Friday, January 27, 2006

Watch Collecting – Dive! Dive! Dive!

The Seiko dive watch stands as proof that collecting watches is not just a pursuit for the wealthy.

Seiko began producing dive watches in 1965 with their 6217-8000 model (also known as the ’62 MAS’), and has kept an unbroken stream of affordable, durable dive watches coming ever since. Popular with soldiers, police, outdoorsmen, office-bound ‘desk divers’, and rock stars as well as divers around the world, the Seiko line of dive watches has become the Toyota Pickup of watches.

Toyota pickup? Known for their value, abundant used parts, and variety of customized after-market accessories, the Toyota pickup was long a favorite for 4WD enthusiasts. The 4-cylinder 22-R engine standard in the Toyota is known for its robustness – lasting for hundreds of thousands of miles.

Likewise, the Seiko dive watch has become a favorite platform for watch collectors wanting a custom look at a realistic price.

The hands-down best online reference for this much collected series of watches is maintained by Kevin Chan at Seiko Divers Reference. A detailed chronology of models, years of manufacture, variations, hundreds of images, and collected knowledge on these outstanding watches can be found there, and it is THE place to check up on that watch you’ve found at auction to make sure it is authentic.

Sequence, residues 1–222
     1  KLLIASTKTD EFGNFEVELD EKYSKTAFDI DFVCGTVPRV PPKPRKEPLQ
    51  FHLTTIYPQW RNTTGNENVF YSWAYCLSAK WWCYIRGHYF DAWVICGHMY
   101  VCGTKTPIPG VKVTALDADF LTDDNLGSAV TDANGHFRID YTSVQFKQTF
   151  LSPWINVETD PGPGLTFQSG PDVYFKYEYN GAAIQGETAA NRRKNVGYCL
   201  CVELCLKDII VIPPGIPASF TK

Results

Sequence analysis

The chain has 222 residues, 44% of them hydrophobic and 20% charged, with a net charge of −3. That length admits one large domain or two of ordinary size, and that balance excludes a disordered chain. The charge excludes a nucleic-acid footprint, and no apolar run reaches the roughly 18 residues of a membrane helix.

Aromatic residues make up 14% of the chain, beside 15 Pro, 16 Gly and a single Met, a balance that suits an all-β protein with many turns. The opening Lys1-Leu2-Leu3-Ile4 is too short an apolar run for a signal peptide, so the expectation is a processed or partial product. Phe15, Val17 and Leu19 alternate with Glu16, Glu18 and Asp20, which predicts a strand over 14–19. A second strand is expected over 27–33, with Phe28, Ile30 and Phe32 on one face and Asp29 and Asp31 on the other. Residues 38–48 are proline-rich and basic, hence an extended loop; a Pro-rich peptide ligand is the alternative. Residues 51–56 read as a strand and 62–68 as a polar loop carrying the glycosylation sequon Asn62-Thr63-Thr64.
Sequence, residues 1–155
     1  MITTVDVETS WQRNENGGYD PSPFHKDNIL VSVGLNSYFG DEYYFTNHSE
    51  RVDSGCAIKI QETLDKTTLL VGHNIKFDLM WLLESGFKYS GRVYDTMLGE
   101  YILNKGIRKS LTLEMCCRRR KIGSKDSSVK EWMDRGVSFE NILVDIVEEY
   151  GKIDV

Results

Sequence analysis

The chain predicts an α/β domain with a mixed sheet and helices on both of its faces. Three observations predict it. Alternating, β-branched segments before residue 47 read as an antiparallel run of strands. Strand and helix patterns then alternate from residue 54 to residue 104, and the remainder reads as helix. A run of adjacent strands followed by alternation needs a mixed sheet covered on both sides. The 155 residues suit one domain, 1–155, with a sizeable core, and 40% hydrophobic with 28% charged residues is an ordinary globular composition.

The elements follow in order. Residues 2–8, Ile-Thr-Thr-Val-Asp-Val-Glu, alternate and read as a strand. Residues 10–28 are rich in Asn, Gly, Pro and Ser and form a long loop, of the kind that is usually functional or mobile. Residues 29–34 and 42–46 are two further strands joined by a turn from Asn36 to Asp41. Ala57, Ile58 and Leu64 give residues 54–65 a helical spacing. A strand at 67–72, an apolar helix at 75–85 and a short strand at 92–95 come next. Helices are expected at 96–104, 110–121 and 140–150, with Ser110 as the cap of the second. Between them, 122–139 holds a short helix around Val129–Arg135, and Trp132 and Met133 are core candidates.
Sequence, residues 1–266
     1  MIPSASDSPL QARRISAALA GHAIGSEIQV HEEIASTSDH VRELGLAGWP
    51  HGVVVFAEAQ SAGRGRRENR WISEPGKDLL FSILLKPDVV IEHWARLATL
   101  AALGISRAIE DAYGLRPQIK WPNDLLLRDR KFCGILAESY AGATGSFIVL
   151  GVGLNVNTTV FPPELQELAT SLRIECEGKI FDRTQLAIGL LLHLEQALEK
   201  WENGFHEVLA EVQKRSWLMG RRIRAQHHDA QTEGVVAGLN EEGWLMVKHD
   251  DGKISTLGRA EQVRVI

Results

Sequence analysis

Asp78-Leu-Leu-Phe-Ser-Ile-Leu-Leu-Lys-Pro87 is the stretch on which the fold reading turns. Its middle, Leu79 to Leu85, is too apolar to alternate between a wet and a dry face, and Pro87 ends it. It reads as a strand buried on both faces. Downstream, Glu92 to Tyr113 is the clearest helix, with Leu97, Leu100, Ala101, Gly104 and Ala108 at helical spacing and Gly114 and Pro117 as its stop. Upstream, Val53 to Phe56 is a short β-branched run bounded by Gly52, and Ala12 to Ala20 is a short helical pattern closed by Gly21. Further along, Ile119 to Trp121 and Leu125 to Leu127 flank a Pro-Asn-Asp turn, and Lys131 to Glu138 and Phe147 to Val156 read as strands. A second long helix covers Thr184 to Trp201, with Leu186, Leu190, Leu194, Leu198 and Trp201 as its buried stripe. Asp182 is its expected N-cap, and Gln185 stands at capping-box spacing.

Many of the linked articles on the Seiko Divers Reference are gleaned from The Seiko and Citizen Forum, a place filled with friendly and knowledgeable collectors. The site also maintains a Sales Forum, a good place to start a collection, without getting taken for a ride.

Current model Seiko divers like the base-model SKX007 can be had for less than $150 for Asian market models from vendors like Chronograph.com, and U.S. models like the base SKX173 can be found new or nearly new on sales forums a for less than $200, around $100 less than you might pay at a jewelry store in the mall.


A Seiko 6309 from the ‘80s on aftermarket rubber strap

Older models, like the 1988-1996 7002 series, or the 1976-1987 6309 series can also be easily found in great condition for less than $200 on sales forums. Collecting all but the pre-1975 models won’t set you back much at all.

But like the Toyota, where the Seiko diver really shines these days is in the customization and aftermarket parts department. Bill ‘Yao’ at MKII Watches has become almost synonymous with ‘custom Seiko diver’ (although he is now producing a variety of custom watches). If someone advertises a ‘Yao’ Seiko, you know it’s something special.

A ‘Yao’ customized SKX007 with bead-blasted case and GMT bezel

Likewise, Jack at International Watch Works (IWW) is well known for awesome customization. Jack takes it a step further as well, offering refurbishing and movement servicing.

Both sites have loads of pictures, as do most watch collecting forums these days. Seiko divers provide a great example of the diverse collecting opportunities that can be found even within one series of watches - and they are solid, usable timepieces as well.

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